A soft scoliosis brace is a fairly good scoliosis treatment option.
Soft Scoliosis Braces: Straighten Your Spine Without Surgery
As we covered previously, scoliosis bracing is often recommended for treating scoliosis. Patients who suffer from scoliosis are well aware that their spines may always have some degree of curvature, no matter which treatment options they explore. Adults can also be prescribed scoliosis braces. In most cases where an adult is prescribed a brace, the patient was not diagnosed or braced in childhood. In cases like these, braces can offer support, reduce pain, and stop further spinal degradation. Adult braces, on the whole, are more comfortable and are worn for shorter periods of time, as the spine is completely finished growing when bracing begins.
The main goal of a scoliosis brace in scoliosis patients is to prevent the spine’s curve from worsening, which, in many cases, can prevent the need for surgery down the road. Bracing methods differ for every patient, so patients should closely adhere to the instructions given to them by their doctors and any other health care providers involved in developing the treatment plan. The duration of time patients spend wearing their braces and how consistent they are in following the bracing regimen can affect the treatment’s success.
How Long Do I Have to Wear a Scoliosis Brace Every Day?
The number of hours spent in a brace, what time of day the brace is worn, and what type of brace is selected for each individual patient depends on a host of factors. First doctors consider where the curve is positioned on the spine and how many curves the spine has. Curves located higher up the back, in the thoracic spine, are more difficult to treat and more likely to progress, so more a more aggressive bracing regimen will likely be recommended by the doctor. More than one curve in the spine makes treatment more complex, as does the curve’s rigidness, any rotation of spinal vertebrae, and other serious medical conditions.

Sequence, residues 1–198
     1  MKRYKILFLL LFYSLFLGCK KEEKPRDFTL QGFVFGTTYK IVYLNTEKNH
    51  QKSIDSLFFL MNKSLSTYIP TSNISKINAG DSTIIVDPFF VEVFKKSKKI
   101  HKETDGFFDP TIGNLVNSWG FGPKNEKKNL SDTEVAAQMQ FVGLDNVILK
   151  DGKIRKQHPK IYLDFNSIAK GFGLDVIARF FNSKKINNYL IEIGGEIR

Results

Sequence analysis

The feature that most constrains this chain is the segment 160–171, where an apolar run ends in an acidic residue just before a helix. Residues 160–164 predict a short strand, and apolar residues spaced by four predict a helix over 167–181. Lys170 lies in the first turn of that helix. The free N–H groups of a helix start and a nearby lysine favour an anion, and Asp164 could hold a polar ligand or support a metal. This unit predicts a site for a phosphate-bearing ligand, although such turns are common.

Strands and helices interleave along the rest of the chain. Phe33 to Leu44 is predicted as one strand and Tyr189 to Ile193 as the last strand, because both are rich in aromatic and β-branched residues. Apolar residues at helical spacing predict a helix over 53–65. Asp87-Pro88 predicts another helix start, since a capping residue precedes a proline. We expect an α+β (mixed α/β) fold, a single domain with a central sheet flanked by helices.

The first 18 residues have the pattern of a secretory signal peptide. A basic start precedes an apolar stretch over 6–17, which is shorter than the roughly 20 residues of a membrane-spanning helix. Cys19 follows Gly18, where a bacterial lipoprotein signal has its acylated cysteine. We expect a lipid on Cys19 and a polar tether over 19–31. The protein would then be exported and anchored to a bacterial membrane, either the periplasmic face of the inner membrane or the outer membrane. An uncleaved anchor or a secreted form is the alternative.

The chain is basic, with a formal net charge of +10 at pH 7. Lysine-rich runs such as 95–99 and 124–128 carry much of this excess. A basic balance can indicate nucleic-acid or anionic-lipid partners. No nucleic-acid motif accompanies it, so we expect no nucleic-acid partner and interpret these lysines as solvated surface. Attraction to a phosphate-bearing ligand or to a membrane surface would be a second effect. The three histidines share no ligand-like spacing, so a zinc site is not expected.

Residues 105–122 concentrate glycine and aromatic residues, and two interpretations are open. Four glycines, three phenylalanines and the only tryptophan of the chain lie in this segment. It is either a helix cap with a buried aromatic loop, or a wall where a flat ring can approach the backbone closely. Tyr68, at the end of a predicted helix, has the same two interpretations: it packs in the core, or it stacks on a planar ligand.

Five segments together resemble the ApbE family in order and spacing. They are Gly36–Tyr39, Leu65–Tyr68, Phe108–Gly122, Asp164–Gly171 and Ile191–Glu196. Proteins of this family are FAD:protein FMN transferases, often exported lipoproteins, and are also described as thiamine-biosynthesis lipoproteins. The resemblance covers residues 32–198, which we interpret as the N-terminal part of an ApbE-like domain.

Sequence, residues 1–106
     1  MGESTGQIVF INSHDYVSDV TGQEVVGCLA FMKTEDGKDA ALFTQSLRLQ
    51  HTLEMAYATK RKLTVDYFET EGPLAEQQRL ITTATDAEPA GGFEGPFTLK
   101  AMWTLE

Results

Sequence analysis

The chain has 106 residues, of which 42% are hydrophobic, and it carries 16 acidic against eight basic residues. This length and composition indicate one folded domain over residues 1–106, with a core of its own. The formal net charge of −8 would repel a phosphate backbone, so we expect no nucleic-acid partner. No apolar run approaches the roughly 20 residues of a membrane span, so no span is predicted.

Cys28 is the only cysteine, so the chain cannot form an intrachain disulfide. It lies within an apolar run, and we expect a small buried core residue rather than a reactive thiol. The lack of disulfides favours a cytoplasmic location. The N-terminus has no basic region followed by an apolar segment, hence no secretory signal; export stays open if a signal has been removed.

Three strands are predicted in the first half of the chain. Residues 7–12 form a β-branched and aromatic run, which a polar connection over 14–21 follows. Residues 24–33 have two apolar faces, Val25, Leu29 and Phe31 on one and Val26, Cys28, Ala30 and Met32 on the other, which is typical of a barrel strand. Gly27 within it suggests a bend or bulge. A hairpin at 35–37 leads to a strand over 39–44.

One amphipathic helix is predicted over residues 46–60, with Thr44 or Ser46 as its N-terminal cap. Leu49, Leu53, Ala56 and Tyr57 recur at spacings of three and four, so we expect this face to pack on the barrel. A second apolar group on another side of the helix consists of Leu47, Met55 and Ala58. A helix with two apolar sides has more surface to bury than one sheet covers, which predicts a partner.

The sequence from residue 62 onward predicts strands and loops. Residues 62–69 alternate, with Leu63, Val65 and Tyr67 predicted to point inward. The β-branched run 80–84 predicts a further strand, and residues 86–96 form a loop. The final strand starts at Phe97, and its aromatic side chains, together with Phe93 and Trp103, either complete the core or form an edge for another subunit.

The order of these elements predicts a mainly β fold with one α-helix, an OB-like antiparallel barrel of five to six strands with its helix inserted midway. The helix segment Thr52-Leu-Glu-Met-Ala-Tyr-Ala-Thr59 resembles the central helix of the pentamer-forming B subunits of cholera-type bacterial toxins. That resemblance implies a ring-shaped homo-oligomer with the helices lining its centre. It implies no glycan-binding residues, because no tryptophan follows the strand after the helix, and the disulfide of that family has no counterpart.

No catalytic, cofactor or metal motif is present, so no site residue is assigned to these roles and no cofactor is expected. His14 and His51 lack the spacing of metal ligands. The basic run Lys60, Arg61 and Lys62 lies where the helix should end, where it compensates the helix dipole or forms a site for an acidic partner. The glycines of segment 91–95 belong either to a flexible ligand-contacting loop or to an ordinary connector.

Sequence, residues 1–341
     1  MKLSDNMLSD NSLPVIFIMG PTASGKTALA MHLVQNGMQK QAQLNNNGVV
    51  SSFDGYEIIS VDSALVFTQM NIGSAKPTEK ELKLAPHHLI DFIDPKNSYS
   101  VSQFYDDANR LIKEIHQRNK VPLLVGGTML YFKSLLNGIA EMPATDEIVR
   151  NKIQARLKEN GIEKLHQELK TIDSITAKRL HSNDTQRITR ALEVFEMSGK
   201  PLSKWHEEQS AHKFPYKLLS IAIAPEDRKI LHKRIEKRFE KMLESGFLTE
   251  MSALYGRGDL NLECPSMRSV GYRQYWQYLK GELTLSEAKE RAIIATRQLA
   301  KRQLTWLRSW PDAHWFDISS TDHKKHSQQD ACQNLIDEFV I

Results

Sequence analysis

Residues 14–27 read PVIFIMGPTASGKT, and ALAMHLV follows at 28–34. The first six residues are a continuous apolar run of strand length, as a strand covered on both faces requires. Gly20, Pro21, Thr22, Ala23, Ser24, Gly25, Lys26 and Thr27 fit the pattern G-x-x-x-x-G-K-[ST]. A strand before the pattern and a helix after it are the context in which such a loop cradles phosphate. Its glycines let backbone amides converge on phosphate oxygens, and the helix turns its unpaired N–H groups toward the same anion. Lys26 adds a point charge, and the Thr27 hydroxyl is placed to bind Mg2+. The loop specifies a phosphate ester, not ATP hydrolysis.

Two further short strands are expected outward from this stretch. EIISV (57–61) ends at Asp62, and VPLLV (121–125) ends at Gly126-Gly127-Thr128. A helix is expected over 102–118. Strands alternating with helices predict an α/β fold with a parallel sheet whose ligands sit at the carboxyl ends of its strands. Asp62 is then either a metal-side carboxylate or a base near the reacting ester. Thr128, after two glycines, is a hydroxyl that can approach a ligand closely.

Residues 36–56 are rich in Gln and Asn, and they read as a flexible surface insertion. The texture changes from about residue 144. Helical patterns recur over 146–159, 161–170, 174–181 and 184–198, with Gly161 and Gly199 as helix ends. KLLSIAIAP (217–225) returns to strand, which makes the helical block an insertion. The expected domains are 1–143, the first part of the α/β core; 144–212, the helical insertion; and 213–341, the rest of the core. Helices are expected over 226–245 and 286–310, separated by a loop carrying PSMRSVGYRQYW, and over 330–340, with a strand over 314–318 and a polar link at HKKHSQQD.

Braces fall into two main categories: rigid and soft. Both types are custom-designed to fit the individual patient’s body, but differ significantly in comfort and appearance. Rigid braces are hard plastic shell-like pieces of equipment that usually encase the body from armpit to pelvis when fitted properly. These tend to fasten with a few Velcro straps and can be easily removed by the patient. Rigid braces have been used more often than soft braces have, but in recent years the number of patients who opt for soft scoliosis braces has grown.
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